Medical Device Daily

Who's ultimately responsible when a medical device is faulty in a patient? The answer is everyone that has a hand in putting that device on the market, according to a panel during a webinar sponsored by SigmaQuest (Santa Clara, California) on Tuesday.

"If you're a component manufacturer, you're a player in this drama as well," Jon Nygaard an attorney with Wilson Sonsini Goodrich & Rosati (WSGR; Palo Alto, California) told the online audience. "Everybody in the chain is responsible."

The webinar was a chance for med-tech companies to learn of ways to steer clear of liability, a situation that can threaten to unravel the fabric of a company's core. This is the latest, in a series of webinars that SigmaQuest, a product performance intelligence company, has held.

NyGaard was joined by WSGR partner David Hoffmeister and SigmaQuest CEO Nadir Fati for the hour long discussion.

"There really has been an explosion of product liability litigation in the past few years," Hoffmeister told the audience. "We want to attempt to avoid or maybe help you avoid any product liability."

Hoffmeister said that part of the reason for the increase in cases is because federal pre-emption is waning while State jury's and courts are able to try product liability cases, when it is in fact a federal agency that gave the device approval in the first place.

"Right now if you go through the PMA route then you do have this benefit of federal preemption," he said. "But 98% of the devices that get on the market go through the 510(k) approval route. There are bills now that are currently trying to take away this preemption."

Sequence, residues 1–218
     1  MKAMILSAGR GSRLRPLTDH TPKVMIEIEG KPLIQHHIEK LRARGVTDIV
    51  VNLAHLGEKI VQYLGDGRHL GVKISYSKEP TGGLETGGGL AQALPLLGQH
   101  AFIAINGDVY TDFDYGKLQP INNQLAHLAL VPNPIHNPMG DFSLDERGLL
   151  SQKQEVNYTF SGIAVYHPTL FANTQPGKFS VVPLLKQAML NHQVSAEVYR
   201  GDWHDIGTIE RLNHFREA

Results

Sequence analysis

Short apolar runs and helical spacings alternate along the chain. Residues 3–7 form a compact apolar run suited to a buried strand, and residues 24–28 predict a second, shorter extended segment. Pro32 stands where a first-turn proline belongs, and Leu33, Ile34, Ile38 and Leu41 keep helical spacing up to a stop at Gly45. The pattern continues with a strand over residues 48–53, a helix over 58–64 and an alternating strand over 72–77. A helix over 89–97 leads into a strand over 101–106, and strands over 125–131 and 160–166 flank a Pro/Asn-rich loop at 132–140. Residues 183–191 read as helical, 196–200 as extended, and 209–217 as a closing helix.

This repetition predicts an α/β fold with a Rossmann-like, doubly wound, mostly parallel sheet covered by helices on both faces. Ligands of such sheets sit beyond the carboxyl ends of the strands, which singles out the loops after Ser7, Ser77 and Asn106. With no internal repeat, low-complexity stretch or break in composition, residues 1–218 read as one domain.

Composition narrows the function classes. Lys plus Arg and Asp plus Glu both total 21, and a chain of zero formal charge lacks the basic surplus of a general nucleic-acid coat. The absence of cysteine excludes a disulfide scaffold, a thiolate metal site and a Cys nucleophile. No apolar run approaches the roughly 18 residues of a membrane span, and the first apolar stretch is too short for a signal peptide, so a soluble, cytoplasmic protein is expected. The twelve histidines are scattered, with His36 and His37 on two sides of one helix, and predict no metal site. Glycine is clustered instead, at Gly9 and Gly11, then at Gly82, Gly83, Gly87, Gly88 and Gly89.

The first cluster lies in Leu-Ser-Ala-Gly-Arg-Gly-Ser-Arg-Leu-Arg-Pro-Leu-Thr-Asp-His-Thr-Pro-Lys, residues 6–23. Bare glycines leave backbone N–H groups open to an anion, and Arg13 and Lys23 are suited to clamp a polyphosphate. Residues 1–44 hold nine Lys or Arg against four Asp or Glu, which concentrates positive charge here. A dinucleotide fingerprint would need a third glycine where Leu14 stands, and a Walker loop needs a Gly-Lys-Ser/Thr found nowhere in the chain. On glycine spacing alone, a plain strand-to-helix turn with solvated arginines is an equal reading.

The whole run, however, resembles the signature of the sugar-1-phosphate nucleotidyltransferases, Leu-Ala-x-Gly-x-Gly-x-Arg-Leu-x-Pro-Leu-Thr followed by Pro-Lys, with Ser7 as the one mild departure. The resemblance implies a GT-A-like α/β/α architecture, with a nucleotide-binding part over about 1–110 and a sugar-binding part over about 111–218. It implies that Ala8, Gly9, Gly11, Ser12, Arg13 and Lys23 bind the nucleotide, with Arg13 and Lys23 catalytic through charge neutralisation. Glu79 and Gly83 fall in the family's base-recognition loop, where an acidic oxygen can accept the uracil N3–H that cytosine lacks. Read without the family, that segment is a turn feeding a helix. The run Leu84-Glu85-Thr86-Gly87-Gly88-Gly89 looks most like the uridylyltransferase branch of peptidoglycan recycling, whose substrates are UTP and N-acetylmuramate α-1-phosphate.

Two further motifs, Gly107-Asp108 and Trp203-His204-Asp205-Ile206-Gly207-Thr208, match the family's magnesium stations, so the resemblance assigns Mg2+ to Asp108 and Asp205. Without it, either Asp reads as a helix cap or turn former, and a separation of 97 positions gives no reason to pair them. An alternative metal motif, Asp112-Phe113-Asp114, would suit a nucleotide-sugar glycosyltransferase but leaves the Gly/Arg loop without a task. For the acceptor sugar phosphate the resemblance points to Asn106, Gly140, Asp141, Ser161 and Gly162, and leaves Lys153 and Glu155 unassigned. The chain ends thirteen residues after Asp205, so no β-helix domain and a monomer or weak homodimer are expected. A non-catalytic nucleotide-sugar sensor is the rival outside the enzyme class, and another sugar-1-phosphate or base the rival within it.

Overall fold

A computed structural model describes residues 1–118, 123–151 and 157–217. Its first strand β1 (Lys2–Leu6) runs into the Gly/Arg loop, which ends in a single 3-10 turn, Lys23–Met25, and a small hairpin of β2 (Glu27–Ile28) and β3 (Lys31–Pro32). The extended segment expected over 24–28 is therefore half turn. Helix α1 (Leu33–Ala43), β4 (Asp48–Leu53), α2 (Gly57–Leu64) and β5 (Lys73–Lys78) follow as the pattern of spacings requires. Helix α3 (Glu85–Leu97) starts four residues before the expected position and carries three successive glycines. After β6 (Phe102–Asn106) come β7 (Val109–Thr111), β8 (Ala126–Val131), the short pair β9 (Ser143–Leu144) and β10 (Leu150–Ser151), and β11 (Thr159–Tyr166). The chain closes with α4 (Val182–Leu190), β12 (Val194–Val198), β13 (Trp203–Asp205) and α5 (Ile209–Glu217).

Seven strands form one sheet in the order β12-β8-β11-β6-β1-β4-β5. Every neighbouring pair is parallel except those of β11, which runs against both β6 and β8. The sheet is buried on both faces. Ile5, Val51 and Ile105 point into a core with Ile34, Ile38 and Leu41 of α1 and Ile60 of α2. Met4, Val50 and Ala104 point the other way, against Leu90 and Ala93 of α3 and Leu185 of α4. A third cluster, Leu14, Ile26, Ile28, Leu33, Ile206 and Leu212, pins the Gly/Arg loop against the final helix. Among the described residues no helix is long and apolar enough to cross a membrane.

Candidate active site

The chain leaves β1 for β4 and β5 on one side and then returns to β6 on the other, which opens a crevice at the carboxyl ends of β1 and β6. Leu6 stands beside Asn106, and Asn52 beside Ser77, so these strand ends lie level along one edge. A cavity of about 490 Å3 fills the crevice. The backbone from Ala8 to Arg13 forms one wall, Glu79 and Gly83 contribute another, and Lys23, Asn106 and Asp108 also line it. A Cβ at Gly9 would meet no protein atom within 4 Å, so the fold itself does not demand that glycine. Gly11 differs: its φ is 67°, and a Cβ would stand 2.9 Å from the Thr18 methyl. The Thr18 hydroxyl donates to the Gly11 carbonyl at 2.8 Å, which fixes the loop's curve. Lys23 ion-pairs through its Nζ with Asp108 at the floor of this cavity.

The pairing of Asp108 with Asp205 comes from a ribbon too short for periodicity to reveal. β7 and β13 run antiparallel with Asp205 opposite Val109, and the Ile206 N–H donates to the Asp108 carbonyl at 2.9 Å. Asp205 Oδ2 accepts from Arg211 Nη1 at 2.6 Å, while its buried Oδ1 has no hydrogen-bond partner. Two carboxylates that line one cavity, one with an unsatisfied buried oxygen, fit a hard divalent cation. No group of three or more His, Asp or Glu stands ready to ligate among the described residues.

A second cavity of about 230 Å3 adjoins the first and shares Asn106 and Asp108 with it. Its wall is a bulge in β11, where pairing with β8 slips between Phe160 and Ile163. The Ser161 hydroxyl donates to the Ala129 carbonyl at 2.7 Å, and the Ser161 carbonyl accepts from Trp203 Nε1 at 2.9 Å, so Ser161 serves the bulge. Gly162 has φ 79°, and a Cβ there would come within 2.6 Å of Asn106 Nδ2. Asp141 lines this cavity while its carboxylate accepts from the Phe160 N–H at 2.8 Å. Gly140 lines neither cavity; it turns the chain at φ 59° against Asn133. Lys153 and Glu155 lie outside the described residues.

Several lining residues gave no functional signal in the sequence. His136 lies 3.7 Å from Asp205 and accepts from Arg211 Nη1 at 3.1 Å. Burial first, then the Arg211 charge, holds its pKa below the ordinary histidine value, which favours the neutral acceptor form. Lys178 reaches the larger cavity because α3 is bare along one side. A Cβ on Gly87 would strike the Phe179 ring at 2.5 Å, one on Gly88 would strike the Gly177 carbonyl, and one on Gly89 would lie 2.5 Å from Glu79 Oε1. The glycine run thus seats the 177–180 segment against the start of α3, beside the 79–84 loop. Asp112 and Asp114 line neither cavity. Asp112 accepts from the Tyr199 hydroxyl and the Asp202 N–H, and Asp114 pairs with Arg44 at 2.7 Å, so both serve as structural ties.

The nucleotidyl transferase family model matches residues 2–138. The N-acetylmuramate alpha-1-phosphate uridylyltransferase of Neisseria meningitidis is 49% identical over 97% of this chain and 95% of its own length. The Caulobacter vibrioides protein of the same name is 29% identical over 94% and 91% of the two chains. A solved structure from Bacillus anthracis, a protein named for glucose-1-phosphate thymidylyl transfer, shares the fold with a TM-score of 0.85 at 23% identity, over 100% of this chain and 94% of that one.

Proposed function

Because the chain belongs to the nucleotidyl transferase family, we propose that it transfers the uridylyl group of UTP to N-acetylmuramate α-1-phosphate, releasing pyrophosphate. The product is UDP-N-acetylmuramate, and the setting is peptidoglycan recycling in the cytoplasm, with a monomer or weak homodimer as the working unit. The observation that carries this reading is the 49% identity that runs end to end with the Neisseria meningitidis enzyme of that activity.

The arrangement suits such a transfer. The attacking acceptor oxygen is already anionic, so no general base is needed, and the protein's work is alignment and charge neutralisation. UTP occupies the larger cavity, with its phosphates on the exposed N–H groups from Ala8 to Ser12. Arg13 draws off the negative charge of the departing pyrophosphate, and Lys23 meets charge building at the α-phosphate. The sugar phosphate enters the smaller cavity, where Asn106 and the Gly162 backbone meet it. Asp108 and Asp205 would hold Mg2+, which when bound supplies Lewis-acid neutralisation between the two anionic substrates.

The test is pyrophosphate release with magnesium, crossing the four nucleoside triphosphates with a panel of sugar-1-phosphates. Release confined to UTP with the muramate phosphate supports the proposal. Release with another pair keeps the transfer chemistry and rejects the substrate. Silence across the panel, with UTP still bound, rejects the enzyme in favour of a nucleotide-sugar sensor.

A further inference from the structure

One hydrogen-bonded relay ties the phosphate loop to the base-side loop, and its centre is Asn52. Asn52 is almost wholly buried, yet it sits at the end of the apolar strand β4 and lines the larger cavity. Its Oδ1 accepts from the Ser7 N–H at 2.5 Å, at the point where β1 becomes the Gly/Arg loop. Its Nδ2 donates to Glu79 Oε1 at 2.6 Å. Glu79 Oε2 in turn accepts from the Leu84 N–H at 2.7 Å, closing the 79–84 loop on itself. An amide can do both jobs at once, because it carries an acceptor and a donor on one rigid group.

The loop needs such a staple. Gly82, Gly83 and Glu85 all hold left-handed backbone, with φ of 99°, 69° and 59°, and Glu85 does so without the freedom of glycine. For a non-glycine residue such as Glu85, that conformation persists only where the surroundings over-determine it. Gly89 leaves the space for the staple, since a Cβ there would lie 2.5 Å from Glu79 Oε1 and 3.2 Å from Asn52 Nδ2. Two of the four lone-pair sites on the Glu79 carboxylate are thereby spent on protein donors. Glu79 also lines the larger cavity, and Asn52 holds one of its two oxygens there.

The bills stem from a Supreme Court decision in Reigel v. Medtronic which recently limited a patient's ability to sue device makers under state tort laws.

Almost immediately after the ruling, Sens. Edward Kennedy (D-Massachusetts) and Patrick Leahy (D-Vermont) introduced the companion bill to H.R. 6381, which seeks to reverse the Supreme Court's decision in Reigel, which confirmed preemption of state tort suits for FDA-approved medical devices.

But perhaps one of the largest med-tech cases in recent history that will define product liability cases stems from Boston Scientific (Natick, Massachusetts) and its purchase of Guidant three years ago.

In January 2006, Boston Scientific won a nearly two-month-long bidding war with Johnson & Johnson (New Brunswick, New Jersey) to buy troubled CRM firm Guidant for $27.2 billion (Medical Device Daily, Jan. 26, 2009) and the deal was finalized that April (MDD, April 21, 2006).

But the purchase came with a bundle of problems for Boston Sci, first and foremost – numerous lawsuits resulting from a flaw in Guidant's implantable heart defibrillators.

As of 1Q09s $220 million has been paid and an additional $20 million is expected to be paid. There are still pending class action laws suits and 2,250 individual suits all still remain unsettled.

"A consequence of this is the FDA living in your office trying to figure out what's going on," he said.

But while the story of Boston Sci may be ongoing, the panel gave quick tips on how to avoid entering into a costly liability situation.

"It starts with a robust design model that has every step documented," Hoffmeister said.

Hoffmeister added that companies should also have recall committees on hand so in case anything does go wrong, the committee can react very quickly.

"Anytime you mention recalls you should mention plaintiffs and attorneys in the same breath because they're out there scouting the recall lists," he said.

The panelist closed by telling device makers to be proactive and to have an open line of communication during the development and manufacturing of the device at all times.

Omar Ford, 404-262-5546;